The Truth About Whataburger's No. 1

From wide, pillowy buns to patties stacked to the heavens, the modern-day hamburger is a sight to behold. Yet none of this gluttonous excess would have been remotely possible without Texas-based franchise Whataburger and its flagship offering, the No. 1. Typically listed first on the menu, the No. 1 was the franchise's inaugural item that essentially set the stage for fast food decadence as we know it. 

While other chains doled out comparatively tiny sandwiches and fries, this burger was different from the start, boasting a quarter pound of beef and a five-inch bread roll. Add on the five original toppers (lettuce, tomato, pickles, onions, and mustard) and there was no stopping the burger chain's climb, which currently tops 800 locations spanning the Southwestern United States (via Forbes). 

Assuming you live near a Whataburger, you've probably eaten this hamburger more times than you can count. But as it turns out, being the chain's first offering isn't the only way the No. 1 became a fast food menu pioneer. Long before the chain claimed it could proffer 36,864 possible customizations, the No. 1 was a no-frills affair, a hearty hamburger that didn't skimp on the portions and promised customers a solid bargain in return. Over 70 years later, the impact of the No. 1 is still unfolding. Whether you're curious about this burger's Texan roots or its impressive size, you've come to the right place. It's never too late to find out the truth about Whataburger's No. 1.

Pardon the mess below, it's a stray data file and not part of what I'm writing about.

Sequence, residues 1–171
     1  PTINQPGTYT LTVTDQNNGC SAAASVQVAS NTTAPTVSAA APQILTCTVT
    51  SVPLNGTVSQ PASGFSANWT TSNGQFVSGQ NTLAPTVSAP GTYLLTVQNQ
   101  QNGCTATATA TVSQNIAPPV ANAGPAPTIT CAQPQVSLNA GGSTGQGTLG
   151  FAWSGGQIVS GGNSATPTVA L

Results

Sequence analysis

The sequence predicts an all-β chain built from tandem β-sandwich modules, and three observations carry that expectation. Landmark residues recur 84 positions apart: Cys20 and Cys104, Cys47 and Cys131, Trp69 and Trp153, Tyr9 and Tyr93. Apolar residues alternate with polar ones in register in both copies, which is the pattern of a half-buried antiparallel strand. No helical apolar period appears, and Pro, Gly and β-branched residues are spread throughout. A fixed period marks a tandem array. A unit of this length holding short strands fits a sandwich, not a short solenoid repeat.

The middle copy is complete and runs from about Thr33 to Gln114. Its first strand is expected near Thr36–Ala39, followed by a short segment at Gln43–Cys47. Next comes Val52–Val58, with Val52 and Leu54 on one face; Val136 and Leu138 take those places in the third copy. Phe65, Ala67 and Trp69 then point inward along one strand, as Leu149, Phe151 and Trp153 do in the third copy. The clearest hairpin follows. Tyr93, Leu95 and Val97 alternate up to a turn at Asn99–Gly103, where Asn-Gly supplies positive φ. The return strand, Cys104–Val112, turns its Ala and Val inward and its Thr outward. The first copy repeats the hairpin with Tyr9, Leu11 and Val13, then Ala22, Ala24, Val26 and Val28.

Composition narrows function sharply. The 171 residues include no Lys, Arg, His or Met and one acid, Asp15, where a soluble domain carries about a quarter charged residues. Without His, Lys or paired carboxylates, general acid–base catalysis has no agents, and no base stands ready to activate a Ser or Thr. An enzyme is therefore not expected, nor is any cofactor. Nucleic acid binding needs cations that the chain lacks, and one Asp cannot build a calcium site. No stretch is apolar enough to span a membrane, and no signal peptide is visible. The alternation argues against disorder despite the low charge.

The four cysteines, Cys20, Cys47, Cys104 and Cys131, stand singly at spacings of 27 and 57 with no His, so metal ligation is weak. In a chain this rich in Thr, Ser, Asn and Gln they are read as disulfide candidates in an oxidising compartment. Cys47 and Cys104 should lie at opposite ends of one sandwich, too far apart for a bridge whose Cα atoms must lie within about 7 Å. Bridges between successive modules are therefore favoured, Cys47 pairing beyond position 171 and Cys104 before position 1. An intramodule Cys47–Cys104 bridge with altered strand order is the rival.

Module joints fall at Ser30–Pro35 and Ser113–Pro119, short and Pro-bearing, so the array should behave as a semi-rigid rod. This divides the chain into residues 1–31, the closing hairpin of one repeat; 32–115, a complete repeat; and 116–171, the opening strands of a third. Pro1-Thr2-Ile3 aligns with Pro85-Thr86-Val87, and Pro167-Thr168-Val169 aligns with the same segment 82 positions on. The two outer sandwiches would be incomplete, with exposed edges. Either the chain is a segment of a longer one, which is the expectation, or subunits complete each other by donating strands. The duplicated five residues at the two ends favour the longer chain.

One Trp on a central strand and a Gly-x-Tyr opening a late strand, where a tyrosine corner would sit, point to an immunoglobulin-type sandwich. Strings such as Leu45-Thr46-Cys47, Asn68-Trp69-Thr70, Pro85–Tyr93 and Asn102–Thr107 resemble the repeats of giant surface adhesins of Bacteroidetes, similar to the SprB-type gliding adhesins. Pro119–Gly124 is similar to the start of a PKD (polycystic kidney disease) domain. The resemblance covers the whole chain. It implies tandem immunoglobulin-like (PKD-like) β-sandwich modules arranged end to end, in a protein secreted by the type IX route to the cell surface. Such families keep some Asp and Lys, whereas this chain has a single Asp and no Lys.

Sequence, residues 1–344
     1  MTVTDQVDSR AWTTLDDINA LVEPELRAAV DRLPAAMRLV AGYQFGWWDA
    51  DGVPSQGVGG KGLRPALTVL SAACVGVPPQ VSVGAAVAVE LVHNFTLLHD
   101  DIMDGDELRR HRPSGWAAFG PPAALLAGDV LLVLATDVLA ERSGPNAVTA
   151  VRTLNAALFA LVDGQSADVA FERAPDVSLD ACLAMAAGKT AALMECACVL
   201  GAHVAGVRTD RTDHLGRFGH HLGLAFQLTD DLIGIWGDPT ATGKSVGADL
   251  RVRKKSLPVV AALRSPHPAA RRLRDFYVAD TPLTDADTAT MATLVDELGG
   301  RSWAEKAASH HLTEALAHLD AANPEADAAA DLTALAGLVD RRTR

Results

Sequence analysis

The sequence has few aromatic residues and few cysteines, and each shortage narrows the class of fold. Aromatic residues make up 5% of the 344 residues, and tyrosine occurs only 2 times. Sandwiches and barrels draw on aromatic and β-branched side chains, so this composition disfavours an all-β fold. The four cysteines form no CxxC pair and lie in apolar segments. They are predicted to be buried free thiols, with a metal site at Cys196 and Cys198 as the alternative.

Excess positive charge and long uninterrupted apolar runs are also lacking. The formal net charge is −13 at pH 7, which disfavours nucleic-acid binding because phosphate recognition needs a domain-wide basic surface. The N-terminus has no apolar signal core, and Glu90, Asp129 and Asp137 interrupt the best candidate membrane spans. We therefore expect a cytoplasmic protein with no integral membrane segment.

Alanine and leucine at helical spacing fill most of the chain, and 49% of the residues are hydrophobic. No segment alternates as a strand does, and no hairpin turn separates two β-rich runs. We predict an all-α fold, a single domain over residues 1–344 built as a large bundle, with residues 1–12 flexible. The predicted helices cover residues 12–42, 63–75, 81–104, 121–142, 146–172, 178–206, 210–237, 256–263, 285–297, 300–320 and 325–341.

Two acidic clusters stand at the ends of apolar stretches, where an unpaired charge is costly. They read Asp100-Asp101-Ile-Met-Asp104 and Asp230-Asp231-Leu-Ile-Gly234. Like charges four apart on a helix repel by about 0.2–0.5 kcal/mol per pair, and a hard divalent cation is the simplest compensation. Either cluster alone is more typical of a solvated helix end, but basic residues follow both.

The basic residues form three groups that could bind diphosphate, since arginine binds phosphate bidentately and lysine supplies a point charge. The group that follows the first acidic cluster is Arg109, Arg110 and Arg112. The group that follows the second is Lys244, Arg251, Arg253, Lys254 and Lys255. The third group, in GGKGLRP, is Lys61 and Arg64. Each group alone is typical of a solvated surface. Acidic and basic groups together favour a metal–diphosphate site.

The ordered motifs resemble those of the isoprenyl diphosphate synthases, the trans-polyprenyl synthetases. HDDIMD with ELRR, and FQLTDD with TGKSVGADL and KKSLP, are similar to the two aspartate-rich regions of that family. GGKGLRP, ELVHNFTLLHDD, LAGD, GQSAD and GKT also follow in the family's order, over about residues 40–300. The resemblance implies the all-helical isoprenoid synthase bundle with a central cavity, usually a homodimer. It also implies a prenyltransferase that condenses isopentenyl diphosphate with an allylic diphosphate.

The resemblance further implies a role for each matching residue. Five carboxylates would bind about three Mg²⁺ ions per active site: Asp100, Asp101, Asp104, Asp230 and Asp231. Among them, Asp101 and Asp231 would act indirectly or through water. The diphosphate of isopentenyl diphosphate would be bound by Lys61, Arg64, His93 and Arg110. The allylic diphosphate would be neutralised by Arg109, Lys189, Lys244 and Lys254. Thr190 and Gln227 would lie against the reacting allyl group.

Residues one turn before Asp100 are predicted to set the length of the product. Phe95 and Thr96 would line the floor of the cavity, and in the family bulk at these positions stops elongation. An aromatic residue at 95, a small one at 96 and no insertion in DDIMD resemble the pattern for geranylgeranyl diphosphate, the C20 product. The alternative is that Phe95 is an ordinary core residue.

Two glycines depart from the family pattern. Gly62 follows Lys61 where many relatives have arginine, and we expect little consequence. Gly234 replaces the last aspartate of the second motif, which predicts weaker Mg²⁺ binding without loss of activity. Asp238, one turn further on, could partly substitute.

The No. 1 is Whataburger's bestseller

Go beyond the No. 1 burger and you'll find that Whataburger's menu is bursting with variety. Think crisp salads and sandwiches grilled on giant slabs of Texas toast. But there's a good reason why hamburgers remain the joint's star attraction. After all, the chain began as a burger joint and continues to be a popular one thanks to the success of the No. 1. Along with the Patty Melt and Double Meat Whataburger, the flagship sandwich still tops the list for customer's go-to orders to this day (per Forbes).